10. 10. Competency Relationships <ul><li>In practice, usually competency hierarchies are used </li></ul><ul><ul><li>mono-hierarchies </li></ul></ul><ul><ul><li>no well-defined semantics </li></ul></ul><ul><li>Generalization </li></ul><ul><ul><li>is-a relationships </li></ul></ul><ul><ul><li>poly-hierarchy </li></ul></ul><ul><ul><li>defined on competency types (regardless of the level) </li></ul></ul><ul><ul><li>Example: OWL-Modeling <is-a> Ontology Modeling </li></ul></ul><ul><li>Composition </li></ul><ul><ul><li>part-of relationships </li></ul></ul><ul><ul><li>curriculum-style philosophy </li></ul></ul><ul><ul><li>defined on competencies (level-specific) </li></ul></ul><ul><ul><li>OWL-Modeling Intermediate <consists-of> { Protégé Expert, OWL Modeling Methodology Beginner } </li></ul></ul>
  11. 11. Competency Part of the Ontology Usually to be derived
  12. 12. Diagnosing Competencies <ul><li>Problem: Competencies are not directly measurable, but only indirectly derivable from performances </li></ul><ul><li>Concept of competency evidence </li></ul><ul><ul><li>see also HRXML </li></ul></ul><ul><ul><li>can be </li></ul></ul><ul><ul><ul><li>an observation </li></ul></ul></ul><ul><ul><ul><li>training evidence </li></ul></ul></ul><ul><ul><ul><li>self-assessment </li></ul></ul></ul><ul><li>Currently under discussion: clear separation into observable performance and inferred competence </li></ul>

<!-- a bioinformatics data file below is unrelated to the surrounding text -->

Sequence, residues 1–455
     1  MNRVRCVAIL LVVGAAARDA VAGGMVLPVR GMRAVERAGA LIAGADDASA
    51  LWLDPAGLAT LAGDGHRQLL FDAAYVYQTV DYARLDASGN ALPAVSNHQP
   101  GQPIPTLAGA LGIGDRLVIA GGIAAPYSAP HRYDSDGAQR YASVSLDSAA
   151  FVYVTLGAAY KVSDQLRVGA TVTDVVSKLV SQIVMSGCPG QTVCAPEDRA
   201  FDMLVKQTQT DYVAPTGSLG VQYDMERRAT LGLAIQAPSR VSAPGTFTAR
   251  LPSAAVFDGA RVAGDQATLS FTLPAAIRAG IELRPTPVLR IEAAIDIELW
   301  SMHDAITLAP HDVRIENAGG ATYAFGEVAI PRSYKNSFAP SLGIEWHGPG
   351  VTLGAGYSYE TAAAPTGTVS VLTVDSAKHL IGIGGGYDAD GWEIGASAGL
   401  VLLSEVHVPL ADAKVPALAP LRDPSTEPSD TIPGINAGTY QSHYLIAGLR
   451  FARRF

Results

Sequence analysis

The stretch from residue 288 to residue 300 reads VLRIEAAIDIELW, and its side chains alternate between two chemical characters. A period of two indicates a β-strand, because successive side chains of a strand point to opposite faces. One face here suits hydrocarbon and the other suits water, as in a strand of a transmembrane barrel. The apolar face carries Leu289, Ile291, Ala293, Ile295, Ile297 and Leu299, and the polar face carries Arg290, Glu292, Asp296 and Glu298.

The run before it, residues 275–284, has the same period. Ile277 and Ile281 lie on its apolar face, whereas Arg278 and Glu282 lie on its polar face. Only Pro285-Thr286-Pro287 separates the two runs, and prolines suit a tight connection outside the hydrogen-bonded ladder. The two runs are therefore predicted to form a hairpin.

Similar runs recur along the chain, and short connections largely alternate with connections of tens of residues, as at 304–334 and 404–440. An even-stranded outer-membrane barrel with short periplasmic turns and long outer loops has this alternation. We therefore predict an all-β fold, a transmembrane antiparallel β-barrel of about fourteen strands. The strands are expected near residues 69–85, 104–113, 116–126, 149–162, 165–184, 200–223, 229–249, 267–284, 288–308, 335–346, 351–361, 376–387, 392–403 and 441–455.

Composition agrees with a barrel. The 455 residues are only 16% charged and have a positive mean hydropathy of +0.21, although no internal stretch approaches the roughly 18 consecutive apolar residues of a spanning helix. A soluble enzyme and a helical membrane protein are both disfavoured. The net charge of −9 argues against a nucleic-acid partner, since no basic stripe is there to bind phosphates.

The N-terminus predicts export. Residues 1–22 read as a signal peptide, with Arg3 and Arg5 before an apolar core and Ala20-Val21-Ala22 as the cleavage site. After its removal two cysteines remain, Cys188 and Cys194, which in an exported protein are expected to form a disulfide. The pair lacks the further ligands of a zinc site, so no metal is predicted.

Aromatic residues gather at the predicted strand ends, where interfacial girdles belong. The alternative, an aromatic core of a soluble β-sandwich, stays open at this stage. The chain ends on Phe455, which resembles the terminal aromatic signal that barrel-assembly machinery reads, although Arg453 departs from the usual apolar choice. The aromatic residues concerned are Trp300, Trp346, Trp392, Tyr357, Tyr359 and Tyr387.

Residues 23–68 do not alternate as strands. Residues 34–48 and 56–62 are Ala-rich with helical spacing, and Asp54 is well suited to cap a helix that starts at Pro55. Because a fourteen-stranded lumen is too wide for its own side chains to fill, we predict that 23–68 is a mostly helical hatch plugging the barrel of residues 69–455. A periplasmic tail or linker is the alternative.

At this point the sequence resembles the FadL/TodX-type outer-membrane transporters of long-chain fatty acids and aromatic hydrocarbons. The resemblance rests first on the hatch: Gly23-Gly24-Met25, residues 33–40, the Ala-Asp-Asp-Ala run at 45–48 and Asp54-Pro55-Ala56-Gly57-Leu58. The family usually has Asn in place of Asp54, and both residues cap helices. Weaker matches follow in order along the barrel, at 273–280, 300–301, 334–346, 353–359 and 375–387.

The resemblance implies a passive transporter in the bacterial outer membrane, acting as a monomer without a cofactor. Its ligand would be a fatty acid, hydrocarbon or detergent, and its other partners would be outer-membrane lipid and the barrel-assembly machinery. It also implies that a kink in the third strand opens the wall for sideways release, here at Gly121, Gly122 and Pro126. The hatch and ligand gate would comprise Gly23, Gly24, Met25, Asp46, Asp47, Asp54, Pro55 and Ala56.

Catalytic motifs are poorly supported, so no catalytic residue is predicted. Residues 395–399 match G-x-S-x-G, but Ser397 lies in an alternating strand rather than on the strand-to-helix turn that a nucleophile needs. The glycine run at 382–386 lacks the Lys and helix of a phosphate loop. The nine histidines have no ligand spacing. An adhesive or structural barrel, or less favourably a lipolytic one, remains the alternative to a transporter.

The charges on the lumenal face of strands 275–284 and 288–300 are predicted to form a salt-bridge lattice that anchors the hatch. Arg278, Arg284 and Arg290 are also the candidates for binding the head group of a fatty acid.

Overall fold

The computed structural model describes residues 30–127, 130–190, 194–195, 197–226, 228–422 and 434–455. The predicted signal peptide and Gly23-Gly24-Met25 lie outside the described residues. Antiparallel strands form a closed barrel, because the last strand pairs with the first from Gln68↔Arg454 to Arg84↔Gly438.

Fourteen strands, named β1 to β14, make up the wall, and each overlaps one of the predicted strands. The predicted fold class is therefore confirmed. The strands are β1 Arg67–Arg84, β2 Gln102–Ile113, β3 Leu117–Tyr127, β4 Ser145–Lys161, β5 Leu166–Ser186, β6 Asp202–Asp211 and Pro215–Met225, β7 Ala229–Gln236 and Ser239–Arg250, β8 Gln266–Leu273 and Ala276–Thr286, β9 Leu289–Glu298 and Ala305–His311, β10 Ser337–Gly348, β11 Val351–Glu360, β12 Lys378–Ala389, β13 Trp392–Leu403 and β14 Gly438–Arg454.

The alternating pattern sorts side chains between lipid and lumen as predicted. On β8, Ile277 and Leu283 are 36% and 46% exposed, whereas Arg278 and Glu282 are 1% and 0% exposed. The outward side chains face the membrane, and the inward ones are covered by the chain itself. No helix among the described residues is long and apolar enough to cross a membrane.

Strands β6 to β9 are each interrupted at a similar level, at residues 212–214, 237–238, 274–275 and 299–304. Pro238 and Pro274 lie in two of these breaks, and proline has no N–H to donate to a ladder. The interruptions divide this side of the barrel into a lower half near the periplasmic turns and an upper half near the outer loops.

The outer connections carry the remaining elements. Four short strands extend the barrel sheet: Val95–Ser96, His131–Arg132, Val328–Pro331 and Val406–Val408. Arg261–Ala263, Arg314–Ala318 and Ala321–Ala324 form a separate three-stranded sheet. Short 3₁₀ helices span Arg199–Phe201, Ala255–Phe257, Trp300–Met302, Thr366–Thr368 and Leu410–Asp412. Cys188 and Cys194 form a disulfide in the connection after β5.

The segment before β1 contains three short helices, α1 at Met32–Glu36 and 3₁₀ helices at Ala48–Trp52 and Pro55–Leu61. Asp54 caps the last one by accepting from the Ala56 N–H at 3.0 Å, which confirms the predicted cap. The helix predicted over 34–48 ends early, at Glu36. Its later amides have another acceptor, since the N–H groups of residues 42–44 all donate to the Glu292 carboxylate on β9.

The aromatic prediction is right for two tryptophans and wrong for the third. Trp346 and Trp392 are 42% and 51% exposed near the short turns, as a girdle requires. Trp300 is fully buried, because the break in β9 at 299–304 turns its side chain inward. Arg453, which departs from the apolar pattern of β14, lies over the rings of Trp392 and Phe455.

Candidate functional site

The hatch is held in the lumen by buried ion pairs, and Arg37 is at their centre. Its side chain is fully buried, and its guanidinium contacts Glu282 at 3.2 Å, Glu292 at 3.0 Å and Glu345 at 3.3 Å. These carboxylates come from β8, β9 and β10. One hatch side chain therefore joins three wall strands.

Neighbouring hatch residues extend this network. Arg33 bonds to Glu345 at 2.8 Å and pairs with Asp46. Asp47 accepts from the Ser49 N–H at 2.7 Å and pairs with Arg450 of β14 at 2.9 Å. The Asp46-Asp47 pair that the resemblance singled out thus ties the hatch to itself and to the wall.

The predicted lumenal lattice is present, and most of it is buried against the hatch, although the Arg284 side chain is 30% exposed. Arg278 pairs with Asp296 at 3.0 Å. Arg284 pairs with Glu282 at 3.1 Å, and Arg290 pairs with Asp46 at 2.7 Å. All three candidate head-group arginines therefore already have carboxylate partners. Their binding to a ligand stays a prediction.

13. 13. Developing Competencies: The Knowledge Maturing Process
  14. 14. Developing Competencies: Learning Opportunities <ul><li>Learning Opportunity <covers> Topic </li></ul><ul><ul><li>Topic generalization of Competency </li></ul></ul><ul><li>Employee </li></ul><ul><ul><li>informal communication </li></ul></ul><ul><li>Information Artifact </li></ul><ul><li>Instructional Entity </li></ul><ul><ul><li>learning goal </li></ul></ul><ul><ul><li>learning prerequisites </li></ul></ul><ul><ul><li>Traditional Training </li></ul></ul><ul><ul><li>Learning Object </li></ul></ul>
  15. 15. Developing Competencies
  16. 16. Requirements <ul><li>For recommending learning opportunities within work processes we need to determine what is relevant </li></ul><ul><li>Requirement profiles </li></ul><ul><ul><li>attached to organizational entities </li></ul></ul>
  17. 17. Embedding it into the enterprise